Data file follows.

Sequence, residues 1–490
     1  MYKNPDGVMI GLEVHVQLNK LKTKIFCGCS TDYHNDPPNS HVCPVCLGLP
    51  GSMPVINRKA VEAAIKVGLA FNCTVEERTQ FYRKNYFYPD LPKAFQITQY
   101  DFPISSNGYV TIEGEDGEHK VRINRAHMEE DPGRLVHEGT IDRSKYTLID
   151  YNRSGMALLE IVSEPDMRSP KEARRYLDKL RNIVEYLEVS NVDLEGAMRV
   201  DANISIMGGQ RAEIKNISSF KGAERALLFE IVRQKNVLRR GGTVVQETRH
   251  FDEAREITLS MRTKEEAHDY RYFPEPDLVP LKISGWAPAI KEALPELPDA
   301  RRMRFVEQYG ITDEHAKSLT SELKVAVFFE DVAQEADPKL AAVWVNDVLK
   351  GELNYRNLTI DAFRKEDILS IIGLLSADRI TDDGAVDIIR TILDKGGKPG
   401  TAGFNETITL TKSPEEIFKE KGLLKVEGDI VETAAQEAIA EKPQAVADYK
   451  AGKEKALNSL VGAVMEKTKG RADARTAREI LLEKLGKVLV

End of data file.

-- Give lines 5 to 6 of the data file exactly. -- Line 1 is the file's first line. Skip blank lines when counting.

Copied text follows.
   151  YNRSGMALLE IVSEPDMRSP KEARRYLDKL RNIVEYLEVS NVDLEGAMRV
   201  DANISIMGGQ RAEIKNISSF KGAERALLFE IVRQKNVLRR GGTVVQETRH